The label on the package – mix ingredients include unbleached wheat flour, blueberries canned in water, sugar, nonaluminum baking powder, salt and cinnamon – promises 16 to 18 4-inch pancakes. This very likely is Christmas breakfast, but not 16 to 18 pancakes.

The New England Cupboard website is http://www.newenglandcupboard.com/ .

Heating up lunch or dinner

I like sweet, but I love hot and spicy. My family knows this.

So, it is not unusual for me to receive something from Captain Mowatt’s line of very fine hot sauces. How could you not like products from a company that puts on its bottles: “Burning the planet one tongue at a time.”

I am most partial to Captain Mowatt’s Canceaux Sauce, but I also love Captain Mowatt’s Blue Flame. As the label says: “Blue Flame is the ultimate, salacious rendezvous. Wild native Maine blueberries coupled with fiery nubile red chilies. It’s passionate … it’s hot … it’s sweet … it’s blissful.”

W.O. Hesperus Co. makes the stuff in Portland, Maine, and go to http://www.wohesperus.com/ for more info.

The second sauce I’m holding as evidence that my family is not just trying to make me fat, but also may be trying to kill me … from the inside out. Anything called mad Dog 357 Pure Ghost Sauce should be handled with asbestos gloves and in full firefighting turnout gear!

Frankly, the distributer – Ashley Food Co. of Sudbury, MA, at http://www.ashleyfood.com/ – seems a tiny bit delinquent in its labeling. The only warning on the label reads: “This sauce is very hot. Use it at your own risk.”

And while that seems mild, what makes an experienced hot sauce enthusiast take pause are two – not one, but two – warnings “World’s hottest peppers.”

OK, there is one other subtle warning: “Carefully crafted with the world’s hottest pepper, the Ghost Pepper, aka Bhut Jolokia, this sauce delivers hauntingly pure heat with a killer sting only a ghost can deliver.” I know this is gonna hurt!

Something else very, very sweet

I’m not the kind of guy to say that if something is good, make it great by pouring chocolate all over it. Chocolate is great by itself, especially with a nice glass of red wine.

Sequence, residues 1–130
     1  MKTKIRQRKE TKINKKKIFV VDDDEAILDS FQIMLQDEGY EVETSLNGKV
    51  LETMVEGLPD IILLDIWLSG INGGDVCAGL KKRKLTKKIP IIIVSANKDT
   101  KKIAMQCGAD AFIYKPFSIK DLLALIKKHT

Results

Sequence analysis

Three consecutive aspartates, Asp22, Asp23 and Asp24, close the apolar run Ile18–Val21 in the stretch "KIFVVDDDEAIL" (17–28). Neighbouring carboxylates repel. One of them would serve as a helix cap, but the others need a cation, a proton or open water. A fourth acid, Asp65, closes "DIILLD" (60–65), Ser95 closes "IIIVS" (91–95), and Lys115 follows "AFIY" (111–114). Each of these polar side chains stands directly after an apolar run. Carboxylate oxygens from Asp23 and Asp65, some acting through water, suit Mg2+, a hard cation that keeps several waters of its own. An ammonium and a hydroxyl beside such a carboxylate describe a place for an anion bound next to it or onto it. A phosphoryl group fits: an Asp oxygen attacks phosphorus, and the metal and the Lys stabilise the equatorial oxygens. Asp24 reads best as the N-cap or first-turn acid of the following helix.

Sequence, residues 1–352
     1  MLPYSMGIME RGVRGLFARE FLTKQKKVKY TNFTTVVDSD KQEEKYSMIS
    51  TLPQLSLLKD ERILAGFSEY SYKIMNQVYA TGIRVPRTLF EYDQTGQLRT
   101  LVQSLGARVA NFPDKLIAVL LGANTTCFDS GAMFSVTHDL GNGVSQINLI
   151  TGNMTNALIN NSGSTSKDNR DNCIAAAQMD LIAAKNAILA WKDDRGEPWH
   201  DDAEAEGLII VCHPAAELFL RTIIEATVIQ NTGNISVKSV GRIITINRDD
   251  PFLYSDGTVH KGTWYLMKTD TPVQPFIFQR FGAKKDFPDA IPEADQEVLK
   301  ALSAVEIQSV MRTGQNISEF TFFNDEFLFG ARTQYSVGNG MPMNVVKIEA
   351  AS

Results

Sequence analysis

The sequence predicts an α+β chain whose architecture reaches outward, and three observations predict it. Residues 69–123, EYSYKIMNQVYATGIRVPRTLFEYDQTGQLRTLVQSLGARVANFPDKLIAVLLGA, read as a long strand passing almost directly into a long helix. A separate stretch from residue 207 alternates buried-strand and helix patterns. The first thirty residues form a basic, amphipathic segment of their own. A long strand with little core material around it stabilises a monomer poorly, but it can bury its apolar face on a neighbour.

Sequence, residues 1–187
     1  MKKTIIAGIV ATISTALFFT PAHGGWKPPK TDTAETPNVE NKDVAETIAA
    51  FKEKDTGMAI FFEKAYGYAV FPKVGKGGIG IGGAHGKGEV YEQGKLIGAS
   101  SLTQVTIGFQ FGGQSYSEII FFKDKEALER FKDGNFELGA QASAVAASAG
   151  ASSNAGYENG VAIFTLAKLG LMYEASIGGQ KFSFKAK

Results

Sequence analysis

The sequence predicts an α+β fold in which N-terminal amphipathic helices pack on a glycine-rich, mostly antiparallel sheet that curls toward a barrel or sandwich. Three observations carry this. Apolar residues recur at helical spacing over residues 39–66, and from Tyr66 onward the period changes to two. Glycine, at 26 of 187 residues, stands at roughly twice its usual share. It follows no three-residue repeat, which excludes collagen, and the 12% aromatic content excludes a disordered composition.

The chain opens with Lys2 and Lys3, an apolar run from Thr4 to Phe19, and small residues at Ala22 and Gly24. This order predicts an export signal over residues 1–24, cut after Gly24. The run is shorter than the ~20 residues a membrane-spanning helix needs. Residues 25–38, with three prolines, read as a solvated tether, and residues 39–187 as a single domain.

There are some things, however, that do take on a different complexity when milk chocolate is poured over ’em.

Wild blueberries are perfect – yes, perfect – directly from the bush. Or with some cream. Or in muffins. Or pancakes. Or … Well, you get the point.

But chocolate covered blueberries are a different level of perfect. In the package was a packet of Bangor Blues Milk Chocolate Covered Blueberries. I won’t get into the nutritional facts from the label, because it isn’t about nutrition when you’re eating this – it’s about savoring a bit of heaven … with the Aurora Borealis thrown in for color.

You should be able to get more information about Bangor Blues at http://www.bangorblues.com/ .

DownEast Coffee Munch, at least in its name, has everything I need. It has reference to Mother Maine, it has coffee and it has munch. DownEast Coffee Munch is a brand of chocolate covered Maine roasted espresso beans, and mighty tasty, I might add.

The tasty, caffeine-laced snack is made by Gladstone’s Under the Sun based in Bar Harbor, Maine, not far from Acadia National Park. Let’s see – Bar Harbor, Acadia National Park and DownEast Coffee Munch. That would be three very good reasons for anyone to hit the midcoast region.

Check out Gladstone’s website at http://www.mainemunchies.com/ .

Nothing says New England quite like Maine Saltwater Taffy. The Mom and The Sis included a larger-than-necessary box of Maine Saltwater Taffy. I’m sucking on some just now. Hmm, a mellow, sticky sweetness. Suck on it, don’t chew or you’re libel to pull out a filling or two … or even a tooth. It’s sticky.

Again, let’s not talk ingredients, shall we. Just know that it is worth it from time to time to partake of Maine’s Saltwater Taffy.

The brand The Mom and The Sis picked up was manufactured by Cabot’s Candy of Cape Cod out of Provincetown, MA, and you can get more info at http://www.cabotscandy.com/ .

Spice of life

Two things: I love sea salt; and I love that some seasoning jars now come with their own grinders. (Disclaimer: I immediately see a recycling problem because of the extra material used to create the grinder part of the jars, but jars seem to be reusable – and should be reused whenever possible – so it is just a matter of adding sea salt, pepper corns or whatever.)

In the package was Maine Sea Salt from the Maine Sea Salt Co. out of Marshfield, Maine. More info can be found at http://www.maineseasalt.com/ .

The Mom and The Sis a year or so ago sent me a jar of sea salt. Let’s just say, great stuff, that sea salt.

For my hot beverages

The Sis likes to send me stoneware. Over the years she has sent me some lovely bowls, pots and cups.

There has been a theme the past couple of years, however, that includes big floppy ears, a hug snout and an expansive aerial. One year it was a chili bowl – with a moose on the side – and another year it was a syrup pitcher – again, with a moose on the side.

This year, two mugs with a slightly goofy-looking moose on each. They are great!

They were designed by Richard Adam Dabrowski of Kennebunkport, Maine (Yep, summer home of the Bush family), and they come from Birchstone Studio in Fryeburg, Maine. Its website is listed as http://www.birchstonestudios.com/ .